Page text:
Boundary Waters Trip Reports, Blog, BWCA, BWCAW, Quetico Park

BWCA Entry Point, Route, and Trip Report Blog

June 14 2024

Entry Point 37 - Kawishiwi Lake

Kawishiwi Lake entry point allows overnight paddle only. This entry point is supported by Tofte Ranger Station near the city of Isabella; Tofte, MN. The distance from ranger station to entry point is 33 miles. Access is a boat landing at Kawishiwi Lake.

Number of Permits per Day: 7
Elevation: 1653 feet
Latitude: 47.8390
Longitude: -91.1036
Kawishiwi Lake - 37

Nightmare on Beth, but alls well.

by scotttimm
Trip Report

Entry Date: June 26, 2023
Entry Point: Sawbill Lake
Number of Days: 4
Group Size: 9

Trip Introduction:
Our annual family trip did not go as expected.

Part 1 of 5


If you're among the network of people who provided assistance or care to our family this past week, know that we are profoundly grateful. Had we not had help, especially during that evacuation, this would be a very different trip report.

This was my perspective, I’m sure other members of our party have different memories and experiences. This is mine.

The days leading up to this trip made it feel like it would be an epic one. My son Grant "Timber" is in his first summer as a crew member at Sawbill, and he was excited for his first vacation and to share all he had learned with his old man. I had scored Taylor Swift tickets for my wife and two girls for Christmas, and the date landed on the Friday of the weekend we usually paddle in. They described the experience as "life changing" - and all were pumped to listen to TS all the way up to Sawbill. Weather looked a little iffy - but it was clearing, was cool and we were in great spirits. We enjoyed the Sawbill shop, roasted smores and hotdogs, enjoying a campfire in the campground before we entered the Fire Ban area. Last year's family trip to Stuart was a little hairy - and we got wind-bound on Stuart so we had to do that cursed portage twice. This time would be easy and relaxing, we told ourselves...

We figured we would paddle by the island campsite on Alton to see if it was open, otherwise we'd head to Beth. The kids wanted to fish, swim, jump off rocks...and the adults were ready to turn our brains off a bit, read, paint, fish...the usual. The island site was taken, so we continued on to Beth. Bugs were bad on the portage but otherwise seemed normal. The first few sites on Beth were taken, but the one we hoped for in the NW corner was open...perfect! Good breeze, no bugs, we rested, ate spaghetti, took a quick dip, and with the campfire ban retired early to bed. We were slightly tired, but it wasn't too hard of a day at all. Each of our girls had a friend along on the trip - and my wife's cousin ("S") and her daughter ("E) were with us. They had traveled from CT, this was their 5th or 6th trip. My wife was trying out a Hennessy Hammock for the first time. I quickly drifted off to sleep in mine.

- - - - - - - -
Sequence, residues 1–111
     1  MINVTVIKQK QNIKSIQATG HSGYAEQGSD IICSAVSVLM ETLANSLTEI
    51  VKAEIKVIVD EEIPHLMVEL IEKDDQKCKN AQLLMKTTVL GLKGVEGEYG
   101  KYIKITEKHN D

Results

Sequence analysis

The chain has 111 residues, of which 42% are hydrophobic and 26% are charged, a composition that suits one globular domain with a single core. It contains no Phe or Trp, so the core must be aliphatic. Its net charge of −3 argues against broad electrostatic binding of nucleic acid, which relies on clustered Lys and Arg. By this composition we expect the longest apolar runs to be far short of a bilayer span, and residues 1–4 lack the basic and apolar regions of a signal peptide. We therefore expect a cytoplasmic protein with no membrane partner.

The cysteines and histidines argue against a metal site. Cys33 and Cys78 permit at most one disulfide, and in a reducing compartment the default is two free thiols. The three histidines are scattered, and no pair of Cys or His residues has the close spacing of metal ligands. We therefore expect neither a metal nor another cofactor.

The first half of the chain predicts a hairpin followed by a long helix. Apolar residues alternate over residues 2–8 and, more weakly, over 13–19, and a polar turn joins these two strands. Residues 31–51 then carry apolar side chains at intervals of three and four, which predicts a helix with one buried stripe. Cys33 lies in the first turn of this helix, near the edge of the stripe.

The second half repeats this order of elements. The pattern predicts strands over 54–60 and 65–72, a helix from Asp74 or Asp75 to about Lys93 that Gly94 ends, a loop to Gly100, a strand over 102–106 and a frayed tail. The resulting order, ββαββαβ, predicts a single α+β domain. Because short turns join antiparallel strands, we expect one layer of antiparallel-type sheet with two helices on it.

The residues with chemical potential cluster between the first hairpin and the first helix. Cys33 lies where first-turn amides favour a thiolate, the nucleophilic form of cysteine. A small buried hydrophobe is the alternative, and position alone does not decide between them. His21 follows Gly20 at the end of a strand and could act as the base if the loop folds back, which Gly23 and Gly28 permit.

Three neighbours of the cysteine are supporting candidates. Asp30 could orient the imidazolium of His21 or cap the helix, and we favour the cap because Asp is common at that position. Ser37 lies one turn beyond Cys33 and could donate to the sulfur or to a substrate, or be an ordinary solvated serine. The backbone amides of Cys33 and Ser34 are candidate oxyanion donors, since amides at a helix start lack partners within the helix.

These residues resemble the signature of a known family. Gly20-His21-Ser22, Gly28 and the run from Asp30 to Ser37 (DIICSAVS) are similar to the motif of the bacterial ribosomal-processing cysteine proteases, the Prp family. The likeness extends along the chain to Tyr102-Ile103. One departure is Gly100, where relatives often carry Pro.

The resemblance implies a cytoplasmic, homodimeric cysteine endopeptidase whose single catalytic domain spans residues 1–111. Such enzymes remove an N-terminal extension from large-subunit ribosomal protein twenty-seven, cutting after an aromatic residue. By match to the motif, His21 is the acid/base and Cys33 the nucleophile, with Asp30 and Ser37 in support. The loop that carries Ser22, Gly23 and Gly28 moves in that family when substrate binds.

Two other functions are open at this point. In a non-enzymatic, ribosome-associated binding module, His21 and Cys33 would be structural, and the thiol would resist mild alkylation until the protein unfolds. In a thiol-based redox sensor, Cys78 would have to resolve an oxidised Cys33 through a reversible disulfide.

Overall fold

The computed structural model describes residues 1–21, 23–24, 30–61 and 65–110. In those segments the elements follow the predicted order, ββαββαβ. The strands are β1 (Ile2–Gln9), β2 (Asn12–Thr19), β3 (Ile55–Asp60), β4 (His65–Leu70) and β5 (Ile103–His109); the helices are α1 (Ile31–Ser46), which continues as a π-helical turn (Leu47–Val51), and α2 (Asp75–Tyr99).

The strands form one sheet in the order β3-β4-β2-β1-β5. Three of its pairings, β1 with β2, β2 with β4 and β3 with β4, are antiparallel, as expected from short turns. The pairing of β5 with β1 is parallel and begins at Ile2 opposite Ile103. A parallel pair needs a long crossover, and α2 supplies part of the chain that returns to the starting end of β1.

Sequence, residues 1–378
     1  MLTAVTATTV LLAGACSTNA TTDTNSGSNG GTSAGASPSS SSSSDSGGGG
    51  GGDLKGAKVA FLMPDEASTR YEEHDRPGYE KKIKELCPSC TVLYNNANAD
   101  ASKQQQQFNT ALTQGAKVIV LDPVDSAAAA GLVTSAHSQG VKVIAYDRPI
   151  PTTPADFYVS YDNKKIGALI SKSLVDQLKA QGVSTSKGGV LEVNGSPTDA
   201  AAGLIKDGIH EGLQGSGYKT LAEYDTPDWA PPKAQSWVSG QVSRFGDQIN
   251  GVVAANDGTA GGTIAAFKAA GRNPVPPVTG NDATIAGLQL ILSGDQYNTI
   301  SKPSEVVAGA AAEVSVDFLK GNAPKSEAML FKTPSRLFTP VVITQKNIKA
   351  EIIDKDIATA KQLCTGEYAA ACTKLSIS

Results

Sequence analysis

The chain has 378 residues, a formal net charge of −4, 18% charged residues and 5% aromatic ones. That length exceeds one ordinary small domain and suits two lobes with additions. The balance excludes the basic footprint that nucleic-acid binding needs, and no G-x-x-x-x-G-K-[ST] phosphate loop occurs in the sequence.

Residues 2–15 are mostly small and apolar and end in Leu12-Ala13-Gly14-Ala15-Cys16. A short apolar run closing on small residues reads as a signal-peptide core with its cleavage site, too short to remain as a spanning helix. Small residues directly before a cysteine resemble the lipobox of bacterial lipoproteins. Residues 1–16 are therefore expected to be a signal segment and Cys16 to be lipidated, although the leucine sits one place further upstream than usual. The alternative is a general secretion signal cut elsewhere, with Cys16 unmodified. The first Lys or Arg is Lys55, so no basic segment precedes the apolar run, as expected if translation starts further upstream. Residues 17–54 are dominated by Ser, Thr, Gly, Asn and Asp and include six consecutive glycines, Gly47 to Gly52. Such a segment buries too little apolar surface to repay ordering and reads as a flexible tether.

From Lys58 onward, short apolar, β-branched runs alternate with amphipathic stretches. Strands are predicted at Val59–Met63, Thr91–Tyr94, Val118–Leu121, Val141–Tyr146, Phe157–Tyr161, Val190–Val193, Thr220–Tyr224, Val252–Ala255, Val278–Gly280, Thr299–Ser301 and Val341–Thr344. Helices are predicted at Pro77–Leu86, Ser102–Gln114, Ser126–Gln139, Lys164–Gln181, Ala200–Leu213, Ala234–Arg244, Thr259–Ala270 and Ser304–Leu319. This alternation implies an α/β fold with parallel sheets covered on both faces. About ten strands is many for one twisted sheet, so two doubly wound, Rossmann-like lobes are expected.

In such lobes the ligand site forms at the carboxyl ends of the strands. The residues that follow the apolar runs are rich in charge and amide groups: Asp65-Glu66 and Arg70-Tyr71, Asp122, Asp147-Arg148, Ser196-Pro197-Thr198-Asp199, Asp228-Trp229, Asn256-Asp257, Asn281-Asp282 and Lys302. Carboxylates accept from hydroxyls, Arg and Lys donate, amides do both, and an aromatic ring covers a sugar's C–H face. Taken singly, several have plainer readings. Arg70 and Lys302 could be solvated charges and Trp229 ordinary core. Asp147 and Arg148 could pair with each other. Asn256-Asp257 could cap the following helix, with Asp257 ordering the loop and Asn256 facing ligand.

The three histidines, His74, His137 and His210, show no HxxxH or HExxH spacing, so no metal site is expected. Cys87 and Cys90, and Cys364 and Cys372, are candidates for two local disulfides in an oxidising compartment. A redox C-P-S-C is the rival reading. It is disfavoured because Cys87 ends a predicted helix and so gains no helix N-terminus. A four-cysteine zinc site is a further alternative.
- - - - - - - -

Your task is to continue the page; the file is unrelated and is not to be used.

Sometime around 4:15-4:30 am I woke with a start - I thought I heard screaming. My wife, 10 feet away, said it was coming from her cousin's tent. I heard her scream "mommy, mommy, mommy, WAKE UP!" I don't remember how but I was in that tent in a flash. E was rocking back and forth in fetal position in the corner, and S was locked up in a seizure, foaming at the mouth. It is hard to separate your head from your heart in emergencies like this. I had taken Wilderness First Responder training decades ago, and remembered I could only try to keep her safe and comfortable, and make sure the airway was clear. She had a mouthpiece she wore at night, but it was clenched safely in her teeth and I didn't want to attempt to remove it and risk her choking on it. My wife and daughter got E out of the tent and into the Bugout, where my daughter was consoling her. Grant fired up the Zoleo app and through their medical chat option, we began communicating while I sat with S. I asked for the time to get an idea of duration of seizure and we figured it lasted about 20 minutes. We decided to hit the SOS button on the Zoleo which sounds like a rocket about to blast off.

 



Part 2 of 5


We were seamlessly connected to 911 through Grant's phone - they had our coordinates and a background on what happened. I relayed all the important info that I knew/observed. S had pulled out of the seizure - was very confused and had kind of a funny child-like wonder about her. After another 10 minutes she began to return to her old self, completely bewildered and not remembering anything. She remarked that she felt hungover, slight headache, though none of us brought alcohol on this trip. I talked both privately and then with S and the responder together, and the strong advice was to medically evacuate. With no prior seizures, it was a big red flag, and they were concerned she might seize again on the way out. S agreed it was best to follow the medical professional's recommendations. I think float planes were out of the question because of the Canadian fires, but not sure I remember why (smoke=dangerous?). They had EMT's on the way to Sawbill with an ambulance, Sawbill was tuned in, and were ready to paddle in on arrival. At this point, it was getting near 7am. I think they got the call just before 6am. Looking through the little "wilderness medicine" book in the first aid kit was reassuring - we'd done all we could and given her something sweet which helped. My brother had been on the receiving end of a scary Zoleo SOS notice - and through the device I asked him to reach out to all the parents and family letting them know the situation and that the kids were all ok. He had everyone’s contact information from our trip plan, and our exact location from Zoleo. I was also able to communicate with S's father, who was rightly very concerned but calm.

We decided that Grant would paddle my wife and E out to follow the ambulance, then return either the same night or in the morning. The EMTs arrived in camp around 9am, they were very professional, straightforward, kind and knowledgeable. We had E and others pack up all their stuff, so they would have it and so we wouldn't have to portage all their gear as well. The medical crew and S paddled off, followed shortly by Grant, my wife and E. The teenagers and I just stood around for a bit, stunned by what had happened.

 



Part 3 of 5


Grant and crew arrived just after the ambulance left, and they were told that she had another, longer seizure - that her condition was deteriorating and they called a helicopter to Lutsen to fly her to Duluth. She had a near 30-minute episode on the water of Sawbill, they administered care in the boat. When I heard this later I remember thinking, "that could have been you, or that could have happened with her daughter in the boat..."